Saturday, May 30, 2015

Planet Fitness CEO Says Taxes May Drive Him Out Of N.H.

( The following is from NH Public Radio. An interesting counterpoint is this article from The Tax Foundation which claims NH has the 7th best business tax climate in the country.)
One day after Planet Fitness announced it was going public, the New Hampshire-based gym tells legislators it might not be able to afford to stay in the state.Senate Majority Leader Jeb Bradley introduced a measure Wednesday hoping to keep the company here, by exempting businesses from being taxed on the share they sell to a corporate partner once they go public.
Currently 200 corporate jobs would be lost if the company moved headquarters. The company, which began in Dover in 1992, has more than 950 locations nationwide.
CEO Chris Rondeau says he wants to stay but the tax is too big a burden. “It would be cheaper to pay the raise to cover an income tax to move across the border. It’s that great of a tax that its hard as a CEO to recommend staying,” he told the Senate Finance Committee on Wednesday.
Former Governor of N.H. Craig Benson, who referred to himself as an informal company advisor, spoke in favor of the measure.
Bill Ardinger, a tax attorney from Rath, Young and Piganelli, also testified. He urged legislators that without a change to the provision start-up companies will be discouraged from moving into New Hampshire.
But Revenue Commissioner John Beardmore says this move is not equitable. “Our concern is that this amendment to the provision erodes fairness and creates what could be going forward a loophole available to other businesses who are sophisticated enough and valued enough to avoid a provision of the tax,” Beardmore told the committee.
Senate President Chuck Morse later proposed his own amendment saying it is a working progress, but hopes the change will promote more businesses to come to the state.

2 comments:

Eric Taussig said...

I for one am sick and tired of the sort of blackmail Planet is attempting to use to obtain a financial benefit for a company at the expense of every taxpayer in NH. The idea that by going public with your threats will obtain relief by pressuring elected officials is a repugnant concept that unfortunately thrives too well, not just in NH, but all over the country.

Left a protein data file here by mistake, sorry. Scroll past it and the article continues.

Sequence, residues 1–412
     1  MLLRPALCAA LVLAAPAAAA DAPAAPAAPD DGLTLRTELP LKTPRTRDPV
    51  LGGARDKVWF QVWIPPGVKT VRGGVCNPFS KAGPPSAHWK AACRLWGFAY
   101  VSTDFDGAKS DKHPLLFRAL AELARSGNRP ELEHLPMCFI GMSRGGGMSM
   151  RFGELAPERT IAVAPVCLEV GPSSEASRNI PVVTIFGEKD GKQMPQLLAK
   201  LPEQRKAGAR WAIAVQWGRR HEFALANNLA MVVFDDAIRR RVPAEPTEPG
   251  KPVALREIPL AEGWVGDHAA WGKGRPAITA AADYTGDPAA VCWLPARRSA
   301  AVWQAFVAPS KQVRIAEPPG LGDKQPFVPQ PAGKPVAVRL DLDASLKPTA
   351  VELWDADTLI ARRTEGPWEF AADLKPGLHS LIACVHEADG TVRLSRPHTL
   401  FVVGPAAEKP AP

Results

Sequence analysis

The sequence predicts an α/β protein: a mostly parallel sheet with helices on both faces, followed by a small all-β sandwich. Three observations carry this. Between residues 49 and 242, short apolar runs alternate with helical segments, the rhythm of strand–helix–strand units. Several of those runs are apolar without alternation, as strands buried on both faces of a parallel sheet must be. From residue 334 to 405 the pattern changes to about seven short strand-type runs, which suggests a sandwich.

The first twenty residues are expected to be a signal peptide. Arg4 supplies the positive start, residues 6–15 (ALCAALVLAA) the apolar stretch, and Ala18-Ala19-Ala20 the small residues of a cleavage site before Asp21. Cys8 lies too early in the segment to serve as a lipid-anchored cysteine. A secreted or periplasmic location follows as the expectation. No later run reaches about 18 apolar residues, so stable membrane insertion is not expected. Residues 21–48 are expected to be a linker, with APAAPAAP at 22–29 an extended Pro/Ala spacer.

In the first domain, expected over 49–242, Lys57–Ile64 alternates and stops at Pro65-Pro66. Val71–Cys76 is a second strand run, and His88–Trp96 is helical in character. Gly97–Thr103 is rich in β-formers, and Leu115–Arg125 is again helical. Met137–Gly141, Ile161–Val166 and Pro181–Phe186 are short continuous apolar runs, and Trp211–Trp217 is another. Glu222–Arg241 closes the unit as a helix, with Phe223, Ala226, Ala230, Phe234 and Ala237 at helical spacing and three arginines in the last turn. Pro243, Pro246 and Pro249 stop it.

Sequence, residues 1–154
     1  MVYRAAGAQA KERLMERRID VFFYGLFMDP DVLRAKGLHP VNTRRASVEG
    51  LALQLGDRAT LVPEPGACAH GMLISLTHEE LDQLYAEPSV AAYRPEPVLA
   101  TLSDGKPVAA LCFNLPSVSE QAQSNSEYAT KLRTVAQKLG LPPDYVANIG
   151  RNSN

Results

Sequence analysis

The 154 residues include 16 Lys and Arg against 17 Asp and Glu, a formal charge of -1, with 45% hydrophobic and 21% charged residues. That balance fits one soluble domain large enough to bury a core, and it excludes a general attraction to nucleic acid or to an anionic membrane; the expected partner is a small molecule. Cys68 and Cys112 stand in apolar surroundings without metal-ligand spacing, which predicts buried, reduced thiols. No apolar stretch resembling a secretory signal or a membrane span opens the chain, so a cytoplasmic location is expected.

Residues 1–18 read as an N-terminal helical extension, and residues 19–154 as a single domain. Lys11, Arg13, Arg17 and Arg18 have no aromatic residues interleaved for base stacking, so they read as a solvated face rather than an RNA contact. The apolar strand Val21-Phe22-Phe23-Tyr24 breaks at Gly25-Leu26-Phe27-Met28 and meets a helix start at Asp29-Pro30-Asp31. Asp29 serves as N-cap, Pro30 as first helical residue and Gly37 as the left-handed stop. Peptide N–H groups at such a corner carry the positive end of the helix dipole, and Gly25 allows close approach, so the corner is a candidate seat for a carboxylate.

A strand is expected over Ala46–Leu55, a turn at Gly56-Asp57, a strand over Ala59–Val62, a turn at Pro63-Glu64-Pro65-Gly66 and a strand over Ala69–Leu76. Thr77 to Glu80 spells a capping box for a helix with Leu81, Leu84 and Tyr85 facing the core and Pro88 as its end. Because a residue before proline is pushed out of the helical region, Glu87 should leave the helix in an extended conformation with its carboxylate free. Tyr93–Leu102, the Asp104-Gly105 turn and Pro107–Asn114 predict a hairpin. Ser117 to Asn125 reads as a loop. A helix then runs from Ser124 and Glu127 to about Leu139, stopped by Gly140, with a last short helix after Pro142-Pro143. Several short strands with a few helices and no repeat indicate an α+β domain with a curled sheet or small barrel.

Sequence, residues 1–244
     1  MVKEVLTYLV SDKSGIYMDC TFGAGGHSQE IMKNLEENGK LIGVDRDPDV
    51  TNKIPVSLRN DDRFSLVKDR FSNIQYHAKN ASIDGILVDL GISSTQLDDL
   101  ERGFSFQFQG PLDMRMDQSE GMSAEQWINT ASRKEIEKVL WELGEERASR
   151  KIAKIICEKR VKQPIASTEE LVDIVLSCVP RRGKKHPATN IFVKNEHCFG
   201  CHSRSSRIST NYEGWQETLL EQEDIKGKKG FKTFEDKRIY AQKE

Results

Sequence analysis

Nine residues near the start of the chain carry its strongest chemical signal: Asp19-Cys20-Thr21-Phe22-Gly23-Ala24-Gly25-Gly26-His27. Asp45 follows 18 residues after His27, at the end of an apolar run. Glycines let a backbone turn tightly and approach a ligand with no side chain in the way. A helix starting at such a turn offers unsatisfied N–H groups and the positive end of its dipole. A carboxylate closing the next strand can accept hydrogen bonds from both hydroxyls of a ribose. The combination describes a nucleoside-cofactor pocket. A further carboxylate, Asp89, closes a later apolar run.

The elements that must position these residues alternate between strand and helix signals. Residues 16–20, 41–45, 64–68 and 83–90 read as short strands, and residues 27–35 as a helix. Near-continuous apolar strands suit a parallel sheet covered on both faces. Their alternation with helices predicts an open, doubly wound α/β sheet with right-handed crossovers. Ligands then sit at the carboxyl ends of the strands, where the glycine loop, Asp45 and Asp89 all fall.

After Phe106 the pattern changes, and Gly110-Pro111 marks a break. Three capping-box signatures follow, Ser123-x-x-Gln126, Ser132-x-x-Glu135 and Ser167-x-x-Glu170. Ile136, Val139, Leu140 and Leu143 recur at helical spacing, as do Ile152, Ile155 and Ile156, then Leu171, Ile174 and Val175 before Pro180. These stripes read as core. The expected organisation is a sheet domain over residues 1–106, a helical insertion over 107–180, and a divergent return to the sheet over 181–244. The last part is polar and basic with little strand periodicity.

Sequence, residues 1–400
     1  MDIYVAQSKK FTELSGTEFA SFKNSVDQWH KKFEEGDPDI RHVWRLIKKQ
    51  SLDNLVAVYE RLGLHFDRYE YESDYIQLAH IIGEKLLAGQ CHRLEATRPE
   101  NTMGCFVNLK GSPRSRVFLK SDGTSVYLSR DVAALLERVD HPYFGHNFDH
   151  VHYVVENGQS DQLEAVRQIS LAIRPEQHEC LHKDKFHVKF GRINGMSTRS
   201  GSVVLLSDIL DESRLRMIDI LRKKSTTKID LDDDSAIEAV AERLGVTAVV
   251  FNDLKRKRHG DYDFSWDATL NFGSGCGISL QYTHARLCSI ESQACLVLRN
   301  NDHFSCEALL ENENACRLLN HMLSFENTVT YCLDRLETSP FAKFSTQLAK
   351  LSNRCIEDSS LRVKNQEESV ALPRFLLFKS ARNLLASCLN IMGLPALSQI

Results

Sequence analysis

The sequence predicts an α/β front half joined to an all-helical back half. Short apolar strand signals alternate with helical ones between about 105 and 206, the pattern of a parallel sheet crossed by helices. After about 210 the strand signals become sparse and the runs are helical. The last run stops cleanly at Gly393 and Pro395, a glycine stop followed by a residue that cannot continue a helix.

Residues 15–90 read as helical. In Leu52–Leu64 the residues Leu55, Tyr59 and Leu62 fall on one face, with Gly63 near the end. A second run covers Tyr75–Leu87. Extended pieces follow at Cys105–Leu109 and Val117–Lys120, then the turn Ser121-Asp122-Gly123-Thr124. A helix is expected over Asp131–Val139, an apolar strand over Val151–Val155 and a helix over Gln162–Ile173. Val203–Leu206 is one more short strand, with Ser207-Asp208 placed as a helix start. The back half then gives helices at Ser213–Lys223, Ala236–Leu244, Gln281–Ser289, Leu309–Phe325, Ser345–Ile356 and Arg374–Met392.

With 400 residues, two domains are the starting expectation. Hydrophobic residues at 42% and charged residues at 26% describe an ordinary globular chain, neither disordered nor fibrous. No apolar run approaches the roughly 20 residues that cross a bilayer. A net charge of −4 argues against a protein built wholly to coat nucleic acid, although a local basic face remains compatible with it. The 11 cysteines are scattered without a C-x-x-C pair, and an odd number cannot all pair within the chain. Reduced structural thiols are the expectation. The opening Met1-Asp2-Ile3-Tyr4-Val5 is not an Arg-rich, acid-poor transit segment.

This is no different from various sports teams threatening to move unless a city builds them a stadium at taxpayer expense.

Companies may have rights but they don't vote to elect legislators or the Governor. Planet has officers and shareholders who perhaps reside in NH and are eligible to vote and write letters and get publicity by making threats, but I for one say, LET PLANET GO. Let some other state subsidize Planet's public offering.

I am certain that without a sufficient population base, Planet will not erect more gyms that likely push out smaller facilities that really represent small business. Will Planet erect a facility in the Lakes Region that will push out the smaller fitness facilities operated by small business operators who are not trying to cash in their assets by going public? If the demographic study is positive it will happen, but I for one am not worried that the State will be adversely affected by losing a few "highly" paid employees that we don't tax anyway, as there is no State income tax.

Anonymous said...

I agree completely with Eric. Say no to corporate blackmail. Our business climate is not all doom and gloom.